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Indonesia construction growth rate climbs in Q2

The value of construction work carried out in Indonesia surged during the second quarter of 2015, according to a new report from the country's central bureau of statistics.

In its latest Construction Indicator, the bureau revealed that the growth rate for construction value climbed by 4.11 points on the previous quarter. Over the 12 months to the end of June 2015, the construction value index rose from 186.16 to 197.62.

The report contained several other statistics that show Indonesia's construction industry is in strong shape. The growth rate of permanent workers - a useful indicator of the number and size of construction projects taking place across the country - rose by 1.18 quarter on quarter, while man-days (a unit relating to the amount of work that can be carried out by one person throughout a day) saw an increase of 3.64 points.

Furthermore, Indonesia's overall business climate appears to have improved throughout the study period. The business condition index climbed from 48.14 at the start of the year to 53.23 by the end of the second quarter, indicating that the majority of respondents now believe the country's business conditions are getting better.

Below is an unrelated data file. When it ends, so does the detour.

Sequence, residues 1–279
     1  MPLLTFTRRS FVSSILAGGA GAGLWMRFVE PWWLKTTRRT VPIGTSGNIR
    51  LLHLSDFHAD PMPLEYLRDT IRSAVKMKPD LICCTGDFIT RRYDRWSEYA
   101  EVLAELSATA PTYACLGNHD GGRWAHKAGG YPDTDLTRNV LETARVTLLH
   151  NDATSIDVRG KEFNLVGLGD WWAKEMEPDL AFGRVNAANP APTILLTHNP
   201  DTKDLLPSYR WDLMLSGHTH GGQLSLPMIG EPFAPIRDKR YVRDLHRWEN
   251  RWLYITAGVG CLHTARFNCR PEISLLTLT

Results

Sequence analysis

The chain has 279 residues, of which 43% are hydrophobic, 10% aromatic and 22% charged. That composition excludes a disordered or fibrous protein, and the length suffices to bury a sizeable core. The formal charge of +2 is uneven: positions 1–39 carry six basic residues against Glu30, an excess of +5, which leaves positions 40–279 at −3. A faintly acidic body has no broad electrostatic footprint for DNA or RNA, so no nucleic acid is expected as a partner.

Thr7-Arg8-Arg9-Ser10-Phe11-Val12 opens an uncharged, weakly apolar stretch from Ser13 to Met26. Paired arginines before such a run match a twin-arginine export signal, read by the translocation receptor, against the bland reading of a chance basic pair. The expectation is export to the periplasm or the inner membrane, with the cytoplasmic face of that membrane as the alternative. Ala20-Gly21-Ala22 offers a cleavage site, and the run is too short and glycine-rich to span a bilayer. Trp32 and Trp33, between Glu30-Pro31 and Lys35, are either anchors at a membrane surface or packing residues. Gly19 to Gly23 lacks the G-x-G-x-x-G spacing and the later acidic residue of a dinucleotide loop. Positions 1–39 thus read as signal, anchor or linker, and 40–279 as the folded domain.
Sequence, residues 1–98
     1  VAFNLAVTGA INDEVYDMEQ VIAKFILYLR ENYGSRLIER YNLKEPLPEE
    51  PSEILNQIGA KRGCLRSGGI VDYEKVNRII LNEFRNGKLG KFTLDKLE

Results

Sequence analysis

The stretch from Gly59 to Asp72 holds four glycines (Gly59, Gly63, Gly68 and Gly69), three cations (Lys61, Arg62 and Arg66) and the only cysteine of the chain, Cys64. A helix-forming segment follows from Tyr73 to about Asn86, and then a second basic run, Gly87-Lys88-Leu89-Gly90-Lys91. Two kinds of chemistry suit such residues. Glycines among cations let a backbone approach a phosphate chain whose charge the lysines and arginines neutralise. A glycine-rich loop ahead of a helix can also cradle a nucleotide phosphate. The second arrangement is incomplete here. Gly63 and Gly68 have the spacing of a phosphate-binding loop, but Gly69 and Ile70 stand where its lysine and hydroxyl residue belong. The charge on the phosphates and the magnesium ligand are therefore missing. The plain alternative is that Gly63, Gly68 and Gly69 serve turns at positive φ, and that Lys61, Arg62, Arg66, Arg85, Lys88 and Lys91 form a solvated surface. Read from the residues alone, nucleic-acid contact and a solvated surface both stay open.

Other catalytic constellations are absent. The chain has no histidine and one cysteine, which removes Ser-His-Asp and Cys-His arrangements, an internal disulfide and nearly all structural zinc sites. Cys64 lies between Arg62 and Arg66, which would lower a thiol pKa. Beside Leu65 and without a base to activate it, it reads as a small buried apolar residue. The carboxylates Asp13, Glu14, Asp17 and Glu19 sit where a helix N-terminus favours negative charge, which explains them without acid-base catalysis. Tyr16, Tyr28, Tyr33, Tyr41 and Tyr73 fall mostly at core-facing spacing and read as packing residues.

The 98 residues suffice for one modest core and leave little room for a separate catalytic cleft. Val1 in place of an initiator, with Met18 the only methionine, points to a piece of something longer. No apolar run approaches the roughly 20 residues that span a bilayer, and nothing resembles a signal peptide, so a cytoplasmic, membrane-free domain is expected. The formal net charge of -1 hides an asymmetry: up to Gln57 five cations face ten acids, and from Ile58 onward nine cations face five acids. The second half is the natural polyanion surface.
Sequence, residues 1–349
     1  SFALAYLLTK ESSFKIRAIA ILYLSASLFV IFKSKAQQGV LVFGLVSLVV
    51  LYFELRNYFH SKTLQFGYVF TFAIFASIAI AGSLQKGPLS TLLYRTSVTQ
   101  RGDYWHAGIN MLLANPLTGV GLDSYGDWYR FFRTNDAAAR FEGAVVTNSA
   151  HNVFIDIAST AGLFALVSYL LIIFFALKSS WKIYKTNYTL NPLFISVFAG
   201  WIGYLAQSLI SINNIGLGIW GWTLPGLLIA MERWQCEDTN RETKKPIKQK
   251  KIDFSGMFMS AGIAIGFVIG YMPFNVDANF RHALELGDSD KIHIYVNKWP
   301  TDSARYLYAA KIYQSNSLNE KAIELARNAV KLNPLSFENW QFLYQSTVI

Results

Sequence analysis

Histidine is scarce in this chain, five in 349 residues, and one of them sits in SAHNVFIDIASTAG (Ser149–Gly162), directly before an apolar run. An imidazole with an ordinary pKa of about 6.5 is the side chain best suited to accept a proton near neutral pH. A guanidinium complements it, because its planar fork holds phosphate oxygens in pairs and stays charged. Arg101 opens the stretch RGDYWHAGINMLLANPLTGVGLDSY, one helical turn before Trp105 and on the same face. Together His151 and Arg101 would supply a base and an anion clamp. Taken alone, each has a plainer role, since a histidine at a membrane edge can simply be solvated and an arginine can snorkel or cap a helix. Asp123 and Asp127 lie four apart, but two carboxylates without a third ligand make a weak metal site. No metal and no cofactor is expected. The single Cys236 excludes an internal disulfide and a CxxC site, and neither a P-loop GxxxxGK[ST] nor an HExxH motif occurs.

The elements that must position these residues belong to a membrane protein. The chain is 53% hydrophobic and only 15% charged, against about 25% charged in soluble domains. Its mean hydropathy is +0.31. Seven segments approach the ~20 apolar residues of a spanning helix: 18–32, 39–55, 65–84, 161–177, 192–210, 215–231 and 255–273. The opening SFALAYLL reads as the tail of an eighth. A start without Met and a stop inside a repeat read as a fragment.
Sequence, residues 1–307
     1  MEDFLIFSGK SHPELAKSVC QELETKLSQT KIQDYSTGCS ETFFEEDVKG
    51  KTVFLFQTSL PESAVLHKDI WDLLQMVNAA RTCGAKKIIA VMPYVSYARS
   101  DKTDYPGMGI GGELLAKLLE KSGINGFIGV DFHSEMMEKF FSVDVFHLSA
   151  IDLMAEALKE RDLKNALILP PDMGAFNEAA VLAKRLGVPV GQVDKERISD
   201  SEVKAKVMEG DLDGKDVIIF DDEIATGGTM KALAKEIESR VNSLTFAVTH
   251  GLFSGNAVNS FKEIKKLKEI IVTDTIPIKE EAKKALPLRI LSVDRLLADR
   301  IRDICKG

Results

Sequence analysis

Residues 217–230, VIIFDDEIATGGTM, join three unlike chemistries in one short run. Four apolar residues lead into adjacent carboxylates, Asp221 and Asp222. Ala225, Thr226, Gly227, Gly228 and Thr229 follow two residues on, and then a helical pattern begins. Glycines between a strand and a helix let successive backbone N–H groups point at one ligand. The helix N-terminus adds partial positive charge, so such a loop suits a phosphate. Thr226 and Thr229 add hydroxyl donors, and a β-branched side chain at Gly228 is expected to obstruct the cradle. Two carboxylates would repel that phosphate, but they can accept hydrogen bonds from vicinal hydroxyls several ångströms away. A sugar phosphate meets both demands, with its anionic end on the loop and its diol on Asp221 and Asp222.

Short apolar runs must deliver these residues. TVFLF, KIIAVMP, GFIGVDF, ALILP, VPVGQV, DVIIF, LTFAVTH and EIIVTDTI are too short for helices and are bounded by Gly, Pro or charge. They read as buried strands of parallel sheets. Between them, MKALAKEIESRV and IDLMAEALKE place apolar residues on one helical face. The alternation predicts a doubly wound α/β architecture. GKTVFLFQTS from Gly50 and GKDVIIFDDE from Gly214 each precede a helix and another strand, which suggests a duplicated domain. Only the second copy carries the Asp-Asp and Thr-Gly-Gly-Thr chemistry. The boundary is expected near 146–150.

While conditions across Indonesia as a whole are promising, Jakarta – recently forecasted by AECOM to enjoy the fastest construction market growth of any Asian country over the medium term – looks even more positive. The capital city district's business conditions index surged from 48 between January and March to 59.62 over the following three months.

Equally encouragingly, a significant majority of the 3,000 construction companies surveyed agreed there has been a drop in the number - or scale - of problems affecting their business. The index dipped to 26.28 from 27.84 in the previous quarter.

Why building material suppliers should consider Indonesia

As the statistics bureau's report demonstrates, Indonesia's construction market is in a positive position. Of course, this is of huge benefit to the domestic construction trade, but it also presents a major opportunity for overseas companies selling building materials.

Indonesia imports a wide array of products. In fact, the Observatory of Economic Complexity says Indonesian imports totalled $184 billion in 2013, making it the world's 27th largest importer. Imports increased at an annual rate of 7.6 per cent over the preceding five years.

Of these imports, many fall within the category of building materials. For instance, Indonesia imported $167 million of float glass in 2013, along with $62.1 million of glazed ceramics, $55.9 million of building stone and $48.6 million of cement articles.

With the outlook for the Indonesian construction sector appearing bright, building materials companies looking to expand their operations should strongly consider the country as a market for their products.

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